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dc.contributor.authorMacfarlane, Kymen_US
dc.contributor.authorLewis, Patriciaen_US
dc.contributor.editorSusan Grieshaber and Nicola Yellanden_US
dc.date.accessioned2017-05-03T11:44:00Z
dc.date.available2017-05-03T11:44:00Z
dc.date.issued2012en_US
dc.date.modified2014-02-03T04:37:24Z
dc.identifier.issn14639491en_US
dc.identifier.doi10.2304/ciec.2012.13.1.63en_US
dc.identifier.urihttp://hdl.handle.net/10072/49530
dc.description.abstractEarly childhood education and care (ECEC) is a complex field comprised of practitioners who possess disparate qualifications and understandings. While this diversity provides richness in terms of practice possibilities, it can also be challenging in terms of the divisions produced by different disciplinary and philosophical approaches. This is particularly evident in relation to how different practitioners advocate for who holds the truth within their grasp, in relation to best practice within this field. Such advocacy can ultimately divide practitioners in ways that are particularly problematic when political activism is necessary. This article examines the implications of the workforce divisions within ECEC in Queensland, Australia and the impact of such divisions on how practitioners advocate in particular contexts. The authors argue that differences that exist in disciplinary approaches have tended to highlight concomitant differences in understanding about what are regarded as being exemplary practices and in the quest for 'best practice'. This means that in times when political activism or advocacy is required, ECEC practitioners are divided rather than united as to what high-quality/exemplary practices might actually look like. Such division has constrained rather than enabled practitioners in terms of how they support each other in the practice and political arenas in Queensland and in Australia as a whole. It is suggested that it might be better to gain advantage from a more united approach. The authors use the work of Pierre Bourdieu, who situates social and systemic practices as 'games' of practice; and that of Michel Foucault, who conceptualises such notions as 'games of truth and error'.en_US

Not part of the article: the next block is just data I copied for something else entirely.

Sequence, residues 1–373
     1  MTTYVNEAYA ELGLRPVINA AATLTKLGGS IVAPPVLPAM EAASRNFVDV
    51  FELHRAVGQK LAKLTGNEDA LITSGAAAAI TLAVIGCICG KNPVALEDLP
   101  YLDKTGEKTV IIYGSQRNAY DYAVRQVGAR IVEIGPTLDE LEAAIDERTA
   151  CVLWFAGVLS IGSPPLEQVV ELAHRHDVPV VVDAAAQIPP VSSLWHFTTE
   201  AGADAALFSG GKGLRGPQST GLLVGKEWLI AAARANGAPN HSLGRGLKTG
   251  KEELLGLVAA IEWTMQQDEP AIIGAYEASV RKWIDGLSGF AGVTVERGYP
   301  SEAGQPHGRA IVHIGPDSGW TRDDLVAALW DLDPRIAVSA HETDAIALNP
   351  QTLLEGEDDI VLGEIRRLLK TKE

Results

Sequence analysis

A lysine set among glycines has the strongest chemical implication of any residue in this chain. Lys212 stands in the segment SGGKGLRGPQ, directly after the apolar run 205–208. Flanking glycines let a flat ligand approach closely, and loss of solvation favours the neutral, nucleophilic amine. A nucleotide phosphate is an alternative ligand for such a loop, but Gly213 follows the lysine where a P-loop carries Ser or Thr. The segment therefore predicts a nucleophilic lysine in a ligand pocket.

dc.description.peerreviewedYesen_US
dc.description.publicationstatusYesen_US
dc.format.extent97465 bytes
dc.format.mimetypeapplication/pdf
dc.languageEnglishen_US
dc.language.isoen_US
dc.publisherSymposium Journalsen_US
dc.publisher.placeUnited Kingdomen_US
dc.relation.ispartofstudentpublicationNen_US
dc.relation.ispartofpagefrom63en_US
dc.relation.ispartofpageto73en_US
dc.relation.ispartofissue1en_US
dc.relation.ispartofjournalContemporary Issues in Early Childhooden_US
dc.relation.ispartofvolume13en_US
dc.rights.retentionYen_US
dc.subject.fieldofresearchSocial Changeen_US
dc.subject.fieldofresearchcode160805en_US
dc.titleUnited We Stand: seeking cohesive action in early childhood education and careen_US
dc.typeJournal articleen_US
dc.type.descriptionC1 - Peer Reviewed (HERDC)en_US
dc.type.codeC - Journal Articlesen_US
gro.facultyGriffith Health, School of Human Services and Social Worken_US
gro.rights.copyright© 2012 Symposium Journals. The attached file is reproduced here in accordance with the copyright policy of the publisher. Please refer to the journal's website for access to the definitive, published version.en_US
gro.date.issued2012
gro.hasfulltextFull Text
gro.griffith.authorMacfarlane, Kym M.
gro.griffith.authorLewis, Patricia


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